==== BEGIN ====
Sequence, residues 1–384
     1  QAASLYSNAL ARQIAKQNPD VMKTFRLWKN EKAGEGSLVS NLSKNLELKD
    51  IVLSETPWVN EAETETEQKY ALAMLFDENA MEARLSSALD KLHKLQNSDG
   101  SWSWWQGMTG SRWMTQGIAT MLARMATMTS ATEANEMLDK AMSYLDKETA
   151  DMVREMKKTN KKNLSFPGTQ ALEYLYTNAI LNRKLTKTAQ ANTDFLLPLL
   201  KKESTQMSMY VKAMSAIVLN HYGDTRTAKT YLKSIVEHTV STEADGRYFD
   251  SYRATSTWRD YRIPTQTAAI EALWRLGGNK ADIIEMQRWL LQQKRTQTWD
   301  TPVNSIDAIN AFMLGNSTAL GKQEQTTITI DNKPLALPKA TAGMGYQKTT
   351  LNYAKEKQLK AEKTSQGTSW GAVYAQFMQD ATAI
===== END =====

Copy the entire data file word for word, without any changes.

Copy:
Sequence, residues 1–384
     1  QAASLYSNAL ARQIAKQNPD VMKTFRLWKN EKAGEGSLVS NLSKNLELKD
    51  IVLSETPWVN EAETETEQKY ALAMLFDENA MEARLSSALD KLHKLQNSDG
   101  SWSWWQGMTG SRWMTQGIAT MLARMATMTS ATEANEMLDK AMSYLDKETA
   151  DMVREMKKTN KKNLSFPGTQ ALEYLYTNAI LNRKLTKTAQ ANTDFLLPLL
   201  KKESTQMSMY VKAMSAIVLN HYGDTRTAKT YLKSIVEHTV STEADGRYFD
   251  SYRATSTWRD YRIPTQTAAI EALWRLGGNK ADIIEMQRWL LQQKRTQTWD
   301  TPVNSIDAIN AFMLGNSTAL GKQEQTTITI DNKPLALPKA TAGMGYQKTT
   351  LNYAKEKQLK AEKTSQGTSW GAVYAQFMQD ATAI